animal20farm20graphic20-20big20pig20close20mouth-713368Before you get too “conspiracy theory” on me, let me assure you that I am not going to talk about how the influenza virus pandemic is the work of terrorists (unless the Napoleon and Snowball are trying to take over our farm).   I am also not suggesting that children are terrorists (although some do raise my suspicion).

The virus that brought such worry and even panic seems now to be “fizzling out” and people are now questioning if the authorities and the press overreacted to the threat.  Will this be a replay of the “boy who cried wolf” and have us complacent when a real threat comes?  One writer questioned if the flu “overreaction” was “more costly than the virus itself.“  Another article cites an Australian professor (of what, the article did not say) who stated that “the country would be better off declaring a pandemic of some of the real health problems it has, like diabetes and obesity.”

The real din, however is in the countless letters to the editor and calls to radio talk-show hosts mocking the “alarmism” put forth by the WHO and others about this flu.  This does appear to be in the minority, as one poll said that 83% of Americans were satisfied with the management of the outbreak by public authorities.  Still, I suspect the volume of the dissent and sniping at the non-serious nature of the pandemic so far will only increase over time.  The number of people who know better than public health officials will multiply.

This pandemic is a catch-22 for public health officials, as an excellent article on the subject states:

The irony is that the overreaction backlash will be more severe the more successful the public health measures are. If, for example, the virus peters out this spring because transmission was interrupted long enough for environmental conditions (whatever they are) to tip the balance against viral spread, CDC and local health officials will be accused of over reacting.

Which brings me to the connection to terrorism.  If public authorities somehow thought there was a 10% chance that New York City would be hit with another major terrorist attack, how big should their reaction be?  If they suspected that there was a reasonable probability, say 5%, that the subways would be flooded with sarin gas, should they shut them down?  I would certainly hope they wouldn’t leave that many people open to the chance of death.

And what is the best outcome?  The best outcome is that this is an overreaction.  The best outcome is that the terrorists, in fact, have reformed and are instead joining the Professional Bowling tour.  I would welcome this outcome (not to mention the exciting infusion of young talent to the tour).  The problem is, the officials have no idea how it will play itself out.  Truth be told, since 9/11, there have not been any major terrorist attacks in the US.  Does this mean that the money spent on the department of homeland security has been wasted?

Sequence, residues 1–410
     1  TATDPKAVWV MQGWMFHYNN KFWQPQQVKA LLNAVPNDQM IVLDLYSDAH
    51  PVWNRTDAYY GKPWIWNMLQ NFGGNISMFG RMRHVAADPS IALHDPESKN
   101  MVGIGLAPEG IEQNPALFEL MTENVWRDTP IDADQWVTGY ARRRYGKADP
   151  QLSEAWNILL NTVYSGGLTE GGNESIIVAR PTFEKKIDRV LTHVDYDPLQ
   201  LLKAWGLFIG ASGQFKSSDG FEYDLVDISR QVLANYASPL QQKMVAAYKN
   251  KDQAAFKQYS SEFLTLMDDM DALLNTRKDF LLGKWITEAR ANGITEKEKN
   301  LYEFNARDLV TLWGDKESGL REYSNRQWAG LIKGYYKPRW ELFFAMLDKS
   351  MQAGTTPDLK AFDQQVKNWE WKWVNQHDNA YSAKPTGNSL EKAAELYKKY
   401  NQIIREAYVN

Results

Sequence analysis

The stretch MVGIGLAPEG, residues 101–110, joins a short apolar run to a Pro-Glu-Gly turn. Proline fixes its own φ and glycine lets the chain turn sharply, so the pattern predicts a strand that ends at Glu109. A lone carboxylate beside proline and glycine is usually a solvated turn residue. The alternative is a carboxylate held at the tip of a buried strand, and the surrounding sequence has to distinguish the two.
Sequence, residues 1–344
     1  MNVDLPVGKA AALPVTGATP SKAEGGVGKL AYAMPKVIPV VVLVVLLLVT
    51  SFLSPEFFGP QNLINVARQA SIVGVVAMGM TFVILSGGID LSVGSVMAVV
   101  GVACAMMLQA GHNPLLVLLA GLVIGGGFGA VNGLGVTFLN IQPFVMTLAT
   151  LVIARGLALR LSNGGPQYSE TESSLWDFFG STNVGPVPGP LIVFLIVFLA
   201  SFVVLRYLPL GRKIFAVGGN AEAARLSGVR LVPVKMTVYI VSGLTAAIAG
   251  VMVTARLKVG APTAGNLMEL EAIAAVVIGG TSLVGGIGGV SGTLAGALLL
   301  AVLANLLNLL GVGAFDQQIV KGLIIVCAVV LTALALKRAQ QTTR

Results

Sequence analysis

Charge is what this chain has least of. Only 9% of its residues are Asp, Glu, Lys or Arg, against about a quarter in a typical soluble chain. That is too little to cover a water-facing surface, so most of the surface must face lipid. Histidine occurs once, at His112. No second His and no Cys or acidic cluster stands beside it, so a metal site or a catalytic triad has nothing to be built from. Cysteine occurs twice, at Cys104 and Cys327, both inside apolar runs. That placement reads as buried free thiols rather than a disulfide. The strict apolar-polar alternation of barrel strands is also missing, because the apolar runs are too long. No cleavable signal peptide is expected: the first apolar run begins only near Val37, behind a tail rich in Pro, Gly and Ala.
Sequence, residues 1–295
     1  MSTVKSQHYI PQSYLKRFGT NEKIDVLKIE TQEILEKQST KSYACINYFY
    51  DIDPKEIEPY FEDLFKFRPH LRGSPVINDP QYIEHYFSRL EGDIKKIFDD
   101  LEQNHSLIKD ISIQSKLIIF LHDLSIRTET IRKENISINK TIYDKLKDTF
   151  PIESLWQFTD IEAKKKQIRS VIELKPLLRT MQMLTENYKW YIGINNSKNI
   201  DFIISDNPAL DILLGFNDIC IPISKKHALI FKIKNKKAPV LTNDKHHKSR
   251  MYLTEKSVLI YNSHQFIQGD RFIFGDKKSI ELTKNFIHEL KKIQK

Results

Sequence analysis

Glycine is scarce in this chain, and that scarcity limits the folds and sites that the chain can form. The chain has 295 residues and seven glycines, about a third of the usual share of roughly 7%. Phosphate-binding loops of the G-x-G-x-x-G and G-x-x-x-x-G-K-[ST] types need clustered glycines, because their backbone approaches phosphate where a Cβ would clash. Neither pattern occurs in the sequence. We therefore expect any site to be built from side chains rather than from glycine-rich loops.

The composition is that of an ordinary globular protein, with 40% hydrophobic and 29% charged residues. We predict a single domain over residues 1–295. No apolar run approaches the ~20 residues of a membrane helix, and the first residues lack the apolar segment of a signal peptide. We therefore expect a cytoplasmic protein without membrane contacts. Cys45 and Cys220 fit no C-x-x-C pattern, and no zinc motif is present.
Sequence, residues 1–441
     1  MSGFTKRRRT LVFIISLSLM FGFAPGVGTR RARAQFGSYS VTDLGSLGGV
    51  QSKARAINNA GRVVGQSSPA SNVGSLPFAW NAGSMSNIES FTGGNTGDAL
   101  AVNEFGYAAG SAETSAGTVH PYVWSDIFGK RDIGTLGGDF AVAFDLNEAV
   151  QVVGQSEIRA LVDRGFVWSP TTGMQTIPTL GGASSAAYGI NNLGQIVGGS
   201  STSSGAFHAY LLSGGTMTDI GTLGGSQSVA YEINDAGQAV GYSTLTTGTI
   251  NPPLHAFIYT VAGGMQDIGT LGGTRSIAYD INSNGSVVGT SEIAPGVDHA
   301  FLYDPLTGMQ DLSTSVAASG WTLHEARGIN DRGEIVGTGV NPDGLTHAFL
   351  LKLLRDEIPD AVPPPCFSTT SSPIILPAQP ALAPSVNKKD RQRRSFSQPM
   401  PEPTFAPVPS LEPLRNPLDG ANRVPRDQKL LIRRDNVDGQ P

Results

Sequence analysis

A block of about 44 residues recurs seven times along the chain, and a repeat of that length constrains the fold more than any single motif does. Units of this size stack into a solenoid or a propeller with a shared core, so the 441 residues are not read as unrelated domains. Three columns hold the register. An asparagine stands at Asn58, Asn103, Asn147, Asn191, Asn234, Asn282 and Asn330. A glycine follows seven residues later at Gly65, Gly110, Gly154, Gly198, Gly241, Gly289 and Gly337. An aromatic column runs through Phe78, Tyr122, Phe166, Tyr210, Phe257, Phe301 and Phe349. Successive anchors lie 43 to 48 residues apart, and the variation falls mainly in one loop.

barackbowling-2

As a pediatrician, I am very accustomed to overreaction.  If you bring in your 20 day-old child to my office with a fever of 102, I will do the following:

  1. Admit them immediately to the hospital
  2. Draw blood tests looking for serious infection
  3. Check a urinalysis to make sure there isn’t an infection (using a catheter to get the sample)
  4. Start IV antibiotics as soon as possible
  5. Perform a spinal tap to rule out meningitis.

This seems a little over-the-top, doesn’t it?  The child just has a fever!  The problem is that children this age with a fever caused by a virus look identical to those who have meningitis.  By the time their appearance differentiates, it is too late.  This forces me to do the full work-up on every infant with fever and treat each one as if they have meningitis or some other serious infection.  I do this despite the fact that the cases of meningitis are far outnumbered by that of less serious problems.

If this is your child, don’t you want me to do that?

Knowing what we know about pandemics, the same caution was, in my opinion, absolutely the right thing to do.  If the virus turns out to be nothing serious, hallelujah.  I don’t want my patients (or family members) dying at the rate that some of the previous H1N1 viruses caused.  I want this to be a lot of worry for “nothing.”  Please let it be so.

But I still don’t think it is time to relax.  As one commenter on an earlier post I wrote about this pandemic stated:

It’s still a bit early to relax. The 1918 flu went around first in the spring and was very mild – kinda like this. Then it came back in the fall after incubating and mutating and was a killer.

I think the CDC and WHO probably will be concerned about this until next year, at least. Just to be on the safe side.

Remember that that flu, which was mild in the spring, went on to kill 20-100 million people.